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ADHD and Creativity: A Double-Edged Study

22 December 2014

From the Attention Deficit Disorder Association:

Another ADHD myth exposed to the glare of scientific study! Only this time, research confirms what many have long maintained. People with ADHD are more creative.

Holly A. White from the University of Memphis and Priti Shah of the University of Michigan published an ADHD and creativity study this month showing, “adults with ADHD showed higher levels of original creative thinking … and higher levels of real-world creative achievement, compared to adults without ADHD.” They also found that faced with a problem, most people prefer to study the problem or refine ideas, whereas we ADHDers prefer to generate new ideas … brainstorming (what most people call daydreaming!)

I had always suspected some of us were more creative! An informal survey of friends in the entertainment industry reveals at least a third and maybe half qualify as ADHD.

. . . .

But this new study is a double-edged sword. For ADHDers struggling with finances, relationships and work, it’s a relief to hear about the positive side to a mind that flutters out of control. For ADHDers with some mastery over their symptoms, it confirms that a mind that doesn’t filter incoming signals as well as most people’s can be an asset in certain situations. However, for ADHDers who are not creative, this could be taken as yet another failure, as in, “Wow, I can’t even do ADHD right!”

Link to the rest at ADDA

Creativity

9 Comments to “ADHD and Creativity: A Double-Edged Study”

  1. Validation, even with gray hair on my head, is a sweet elixir.
    I remember folks repeatedly telling me I wasn’t doing things like I was supposed to, that I didn’t understand what was really important.

  2. Anyone with severe ADD or ADHD needs to find the aids that will allow creativity to thrive rather than be lost in a constant rush of ideas and distractions. For me, it’s Scrivener. The only thing it can’t do is remind me that I have to open it and actually put it to work every day.

  3. One of my favorite, and world-renowned, singer/songwriters has said he has ADHD, or did as a child. But absent this, would he be as brilliant? I don’t know enough about the condition to guess. But why do people seem to want everybody to be the same? Is normalcy so much preferable to the extraordinary?

  4. What I find is that highly creative people notice much more than the average person. This gives them a richness of input that is conducive to creativity: they have more colours in their palette, so to speak. But when you have extra colours, mixing them and working with them will seem like a complete waste of time to a colour-blind person; and educational theorists, particularly when required to assess the value of their theories by looking at the results of standardized tests, are operating in monochrome.

    I mention educational theorists in particular because, in my experience, most creative people who are labelled as ADHD are labelled at school. The educational system does not want creativity; it wants kids to be widgets that can be worked on in standardized ways so as to get better results on those standardized tests. The so-called attention deficit is not a deficit, but an awareness of too many things worth paying attention to, and the power to choose more interesting ones than the dull grey pabulum of the standard curriculum. The so-called disorder arises because the people who have this capacity don’t meet the narrowly limited expectations of their superiors. They are good at things that their masters pride themselves on not valuing or even being able to imagine.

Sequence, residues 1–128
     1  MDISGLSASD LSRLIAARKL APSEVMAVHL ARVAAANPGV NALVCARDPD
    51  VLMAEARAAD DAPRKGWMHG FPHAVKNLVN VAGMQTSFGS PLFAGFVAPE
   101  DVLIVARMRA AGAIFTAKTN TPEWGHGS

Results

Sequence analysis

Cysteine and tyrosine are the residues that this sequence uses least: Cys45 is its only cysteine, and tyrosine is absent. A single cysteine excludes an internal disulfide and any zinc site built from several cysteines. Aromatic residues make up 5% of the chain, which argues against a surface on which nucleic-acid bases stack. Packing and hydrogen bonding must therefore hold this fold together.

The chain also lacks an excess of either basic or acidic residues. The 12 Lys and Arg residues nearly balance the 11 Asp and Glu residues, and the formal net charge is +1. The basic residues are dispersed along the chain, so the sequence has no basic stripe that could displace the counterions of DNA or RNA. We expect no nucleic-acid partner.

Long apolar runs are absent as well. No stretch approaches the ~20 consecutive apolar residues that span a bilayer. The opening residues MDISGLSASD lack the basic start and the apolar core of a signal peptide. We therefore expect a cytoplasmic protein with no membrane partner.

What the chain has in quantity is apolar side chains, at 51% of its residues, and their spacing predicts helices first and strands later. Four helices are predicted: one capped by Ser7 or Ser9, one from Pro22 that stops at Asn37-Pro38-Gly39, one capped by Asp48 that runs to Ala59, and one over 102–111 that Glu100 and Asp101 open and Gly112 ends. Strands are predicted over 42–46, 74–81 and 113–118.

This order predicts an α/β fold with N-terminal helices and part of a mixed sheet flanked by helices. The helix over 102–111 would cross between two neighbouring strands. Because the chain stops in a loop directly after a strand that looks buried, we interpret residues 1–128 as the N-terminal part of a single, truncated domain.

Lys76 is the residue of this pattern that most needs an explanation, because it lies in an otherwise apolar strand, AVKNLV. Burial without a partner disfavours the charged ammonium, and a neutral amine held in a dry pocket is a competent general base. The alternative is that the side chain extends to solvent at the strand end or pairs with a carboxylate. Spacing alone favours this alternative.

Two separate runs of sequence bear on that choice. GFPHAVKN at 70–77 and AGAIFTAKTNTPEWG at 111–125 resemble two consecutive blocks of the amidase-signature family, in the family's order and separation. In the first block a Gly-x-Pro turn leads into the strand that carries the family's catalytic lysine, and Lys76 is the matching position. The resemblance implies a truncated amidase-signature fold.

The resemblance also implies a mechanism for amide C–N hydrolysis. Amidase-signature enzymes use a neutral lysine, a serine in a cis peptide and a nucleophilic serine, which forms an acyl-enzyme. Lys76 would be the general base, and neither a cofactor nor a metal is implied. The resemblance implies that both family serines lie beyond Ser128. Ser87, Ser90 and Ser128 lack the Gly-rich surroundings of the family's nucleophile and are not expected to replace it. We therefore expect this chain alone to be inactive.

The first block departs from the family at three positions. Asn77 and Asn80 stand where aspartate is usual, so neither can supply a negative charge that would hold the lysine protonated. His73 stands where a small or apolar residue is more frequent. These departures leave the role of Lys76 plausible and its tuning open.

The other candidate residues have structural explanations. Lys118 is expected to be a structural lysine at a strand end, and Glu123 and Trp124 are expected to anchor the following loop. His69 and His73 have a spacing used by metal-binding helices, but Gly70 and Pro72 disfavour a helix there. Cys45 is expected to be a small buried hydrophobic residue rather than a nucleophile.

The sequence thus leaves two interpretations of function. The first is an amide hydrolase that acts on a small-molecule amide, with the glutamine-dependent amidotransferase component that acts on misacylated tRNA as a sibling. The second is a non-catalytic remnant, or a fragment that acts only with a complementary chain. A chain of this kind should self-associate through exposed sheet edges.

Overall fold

(When the masters themselves imagine that they are creative people, based largely on Dunning-Kruger effect, things can get really ugly. Then their egos become invested in maintaining the fiction that ‘ADHD’ is a disorder pure and simple; it cannot be a by-product of creativity, because, of course, nobody can be more creative than the masters themselves. Teachers and other persons in authority who genuinely are creative, I find, are at least able to recognize creativity in other people and acknowledge that others can surpass them in it. Utterly uncreative people lack the imagination to perceive that there is anything for other people to be superior at.)

    For the avoidance of doubt (if PG will excuse my borrowing a legal term), let me say that none of this applies to the genuine malady of ADHD. I mean only that many, and perhaps most, creative people manifest their creativity in ways that are easily misdiagnosed as ADHD by the hopelessly uncreative. Too often they end up being treated for a disorder that they do not have, to the detriment not only of themselves, but of all those who might otherwise benefit from their creative faculties.

    • PTSD can get misdiagnosed as ADHD, too.

      I don’t have ADHD, but due to my mother and brother, I grew up with ADD-style communication being normal (and that was most of what I was exposed to). I can notice AD(H)D and even mimic it when I want to. Even now, my best friend has ADD.

  5. I suppose all this depends on what is considered creative. Stop where you are and look around. Right now. Everything you see is the product of someones creativity. Computer, keyboard, mouse, paint on the walls, central heat, anything plastic, zippers, glass, folding chairs, #2 pencils, bumbershoot, sneakers, contact lenses, novels…

  6. Did this study disaggregate for sex and IQ? I suspect not.

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